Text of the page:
Construction workforce planning is incredibly important. It’s not just a matter of assigning available people to projects that are in need. It involves creating a workforce strategy that ensures you have the best team for the project while also taking into consideration experience, teamwork, and project priorities. Let’s examine some of the different things you should consider before assigning an individual team member to a new project.
1. Are they available?
This may seem like it’s obvious, but without the right construction workforce planning systems in place you may find that keeping track of upcoming project allocations and team availability is a difficult task when allocating for the immediate future. It’s important to confirm with your estimating team that individual team members haven’t been allocated to future bids or committed to other projects to ensure you don’t create an overlap that will cause scheduling conflicts down the road.
Construction workforce planning software will allow you to easily visualize your workforce allocations in relation to your project timeline and identify allocation overlaps, and potential periods of unavailability, to give you ample opportunity to course-correct before it becomes an issue.
Interested in learning more about optimizing your workforce plan and keeping your meetings efficient and productive? Feel free to download our guide to tech driven manpower meetings, or request a demo for a full walkthrough of Bridgit Bench.
2. What other projects are active right now or are upcoming?
There are many factors that will affect how your organization prioritizes its projects. Whether it be the client, the size, or the exposure you will receive it’s important to understand how your projects are prioritized so you can prioritize your workforce allocations accordingly. If you have a select number of high performance individuals, you will want to ensure that they have been well-dispersed across all of your top-priority projects.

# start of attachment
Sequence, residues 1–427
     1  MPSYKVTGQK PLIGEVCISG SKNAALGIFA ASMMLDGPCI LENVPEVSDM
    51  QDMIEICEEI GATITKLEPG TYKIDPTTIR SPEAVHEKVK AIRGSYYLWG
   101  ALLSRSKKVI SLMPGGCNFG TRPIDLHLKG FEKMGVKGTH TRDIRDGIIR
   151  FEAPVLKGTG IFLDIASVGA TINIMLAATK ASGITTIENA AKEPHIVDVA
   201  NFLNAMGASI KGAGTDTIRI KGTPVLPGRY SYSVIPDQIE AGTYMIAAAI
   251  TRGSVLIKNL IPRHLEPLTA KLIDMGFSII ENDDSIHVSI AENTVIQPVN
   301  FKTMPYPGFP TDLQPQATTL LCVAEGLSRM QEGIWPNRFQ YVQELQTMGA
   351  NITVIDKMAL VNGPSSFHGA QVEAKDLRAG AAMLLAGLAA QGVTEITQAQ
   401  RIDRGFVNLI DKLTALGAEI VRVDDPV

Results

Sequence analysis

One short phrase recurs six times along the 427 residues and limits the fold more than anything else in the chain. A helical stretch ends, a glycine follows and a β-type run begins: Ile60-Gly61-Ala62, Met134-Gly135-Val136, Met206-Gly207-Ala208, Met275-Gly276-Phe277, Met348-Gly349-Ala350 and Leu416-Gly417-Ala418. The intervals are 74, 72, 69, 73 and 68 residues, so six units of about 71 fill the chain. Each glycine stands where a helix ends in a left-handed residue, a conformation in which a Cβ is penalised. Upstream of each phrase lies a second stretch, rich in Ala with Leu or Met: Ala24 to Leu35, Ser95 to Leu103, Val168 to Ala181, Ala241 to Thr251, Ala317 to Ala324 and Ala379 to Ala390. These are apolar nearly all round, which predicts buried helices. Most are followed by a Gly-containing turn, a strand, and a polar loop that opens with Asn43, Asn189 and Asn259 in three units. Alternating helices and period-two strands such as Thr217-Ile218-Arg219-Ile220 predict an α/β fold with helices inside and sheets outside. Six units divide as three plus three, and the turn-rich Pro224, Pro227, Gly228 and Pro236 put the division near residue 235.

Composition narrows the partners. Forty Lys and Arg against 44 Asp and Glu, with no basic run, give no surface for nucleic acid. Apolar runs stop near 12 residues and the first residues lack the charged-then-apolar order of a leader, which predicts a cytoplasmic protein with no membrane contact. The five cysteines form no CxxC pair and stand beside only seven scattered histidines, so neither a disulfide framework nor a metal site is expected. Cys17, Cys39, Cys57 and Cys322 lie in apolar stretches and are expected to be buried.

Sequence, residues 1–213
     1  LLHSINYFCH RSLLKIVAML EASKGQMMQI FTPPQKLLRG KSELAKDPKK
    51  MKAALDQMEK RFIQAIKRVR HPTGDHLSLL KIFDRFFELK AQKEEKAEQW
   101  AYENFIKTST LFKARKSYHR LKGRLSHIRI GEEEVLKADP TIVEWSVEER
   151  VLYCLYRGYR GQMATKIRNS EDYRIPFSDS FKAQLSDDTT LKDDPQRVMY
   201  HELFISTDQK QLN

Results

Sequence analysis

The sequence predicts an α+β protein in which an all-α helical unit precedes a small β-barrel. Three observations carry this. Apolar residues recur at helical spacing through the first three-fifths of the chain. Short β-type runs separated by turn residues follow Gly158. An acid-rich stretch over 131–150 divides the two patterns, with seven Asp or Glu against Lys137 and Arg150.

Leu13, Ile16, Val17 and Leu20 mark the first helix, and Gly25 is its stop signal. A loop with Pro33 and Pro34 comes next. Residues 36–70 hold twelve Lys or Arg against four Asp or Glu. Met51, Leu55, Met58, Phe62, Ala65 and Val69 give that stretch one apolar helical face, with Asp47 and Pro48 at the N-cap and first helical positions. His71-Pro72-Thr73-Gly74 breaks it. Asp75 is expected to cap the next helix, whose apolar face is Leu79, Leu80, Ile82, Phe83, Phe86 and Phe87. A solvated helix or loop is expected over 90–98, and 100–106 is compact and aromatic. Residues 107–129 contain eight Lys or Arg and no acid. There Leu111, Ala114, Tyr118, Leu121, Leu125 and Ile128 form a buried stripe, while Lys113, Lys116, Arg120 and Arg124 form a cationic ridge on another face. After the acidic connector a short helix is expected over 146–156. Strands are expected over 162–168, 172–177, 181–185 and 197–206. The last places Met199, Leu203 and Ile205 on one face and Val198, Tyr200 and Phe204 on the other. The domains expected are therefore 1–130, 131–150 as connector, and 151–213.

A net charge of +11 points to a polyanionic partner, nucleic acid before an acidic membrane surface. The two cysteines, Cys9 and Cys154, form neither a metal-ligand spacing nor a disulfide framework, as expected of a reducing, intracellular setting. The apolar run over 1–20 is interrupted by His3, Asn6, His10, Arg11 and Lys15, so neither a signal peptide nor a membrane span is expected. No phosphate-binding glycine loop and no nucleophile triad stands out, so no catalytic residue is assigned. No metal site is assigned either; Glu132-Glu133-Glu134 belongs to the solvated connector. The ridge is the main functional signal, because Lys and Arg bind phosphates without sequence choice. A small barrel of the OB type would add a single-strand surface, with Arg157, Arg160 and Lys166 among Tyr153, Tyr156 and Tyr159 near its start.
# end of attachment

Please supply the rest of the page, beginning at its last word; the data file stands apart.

It’s also important to prioritize upcoming projects in line with your current projects. There will be times where future projects will be of higher priority for specific team members and you’ll need to understand the impact that re-assigning them will have on their current project.
3. Personal details of the team member?
Depending on your construction workforce planning process this may be one of the more difficult things to consider before assigning a team member to a project, but it is also one of the most important when it comes to employee engagement and retention. More often than not personal details aren’t readily available when creating your workforce plan, but there are intelligent software solutions that can help to bridge that gap and allow for easy access to individual details during the construction workforce planning process.
Some personal details you may want to consider when assigning a team member to a project would include:
Who have they worked with before? It’s important to keep track of team members who have found success working with specific people or teams so you can rinse and repeat. Equally important will be keeping track of team members that have difficulties working together so you can avoid interpersonal conflicts on site.
How long have they worked at the company? How construction is executed is always slightly different from company to company. Taking into consideration how long a team member has been with the company helps to spread out your new talent amongst different projects and ensure you have experienced people there as support.
What types of projects do they have the most experience in? This is crucial to take into consideration. Different projects have different requirements and while it is beneficial for your organization to provide team members with new experience, it’s important that there is always someone on site that has experience executing each task that is required for the project to prevent a bottleneck on any specific tasks.